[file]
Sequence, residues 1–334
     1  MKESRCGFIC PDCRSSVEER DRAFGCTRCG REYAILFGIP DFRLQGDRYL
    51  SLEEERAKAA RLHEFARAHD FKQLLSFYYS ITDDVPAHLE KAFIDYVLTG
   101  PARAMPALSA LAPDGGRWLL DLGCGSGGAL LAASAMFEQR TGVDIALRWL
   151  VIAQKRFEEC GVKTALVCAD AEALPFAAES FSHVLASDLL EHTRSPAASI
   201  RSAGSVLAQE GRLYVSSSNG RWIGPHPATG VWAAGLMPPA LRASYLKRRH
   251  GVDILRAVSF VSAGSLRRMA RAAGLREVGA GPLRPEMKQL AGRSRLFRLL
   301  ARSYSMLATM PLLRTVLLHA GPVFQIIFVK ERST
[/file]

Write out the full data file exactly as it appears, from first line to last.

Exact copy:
Sequence, residues 1–334
     1  MKESRCGFIC PDCRSSVEER DRAFGCTRCG REYAILFGIP DFRLQGDRYL
    51  SLEEERAKAA RLHEFARAHD FKQLLSFYYS ITDDVPAHLE KAFIDYVLTG
   101  PARAMPALSA LAPDGGRWLL DLGCGSGGAL LAASAMFEQR TGVDIALRWL
   151  VIAQKRFEEC GVKTALVCAD AEALPFAAES FSHVLASDLL EHTRSPAASI
   201  RSAGSVLAQE GRLYVSSSNG RWIGPHPATG VWAAGLMPPA LRASYLKRRH
   251  GVDILRAVSF VSAGSLRRMA RAAGLREVGA GPLRPEMKQL AGRSRLFRLL
   301  ARSYSMLATM PLLRTVLLHA GPVFQIIFVK ERST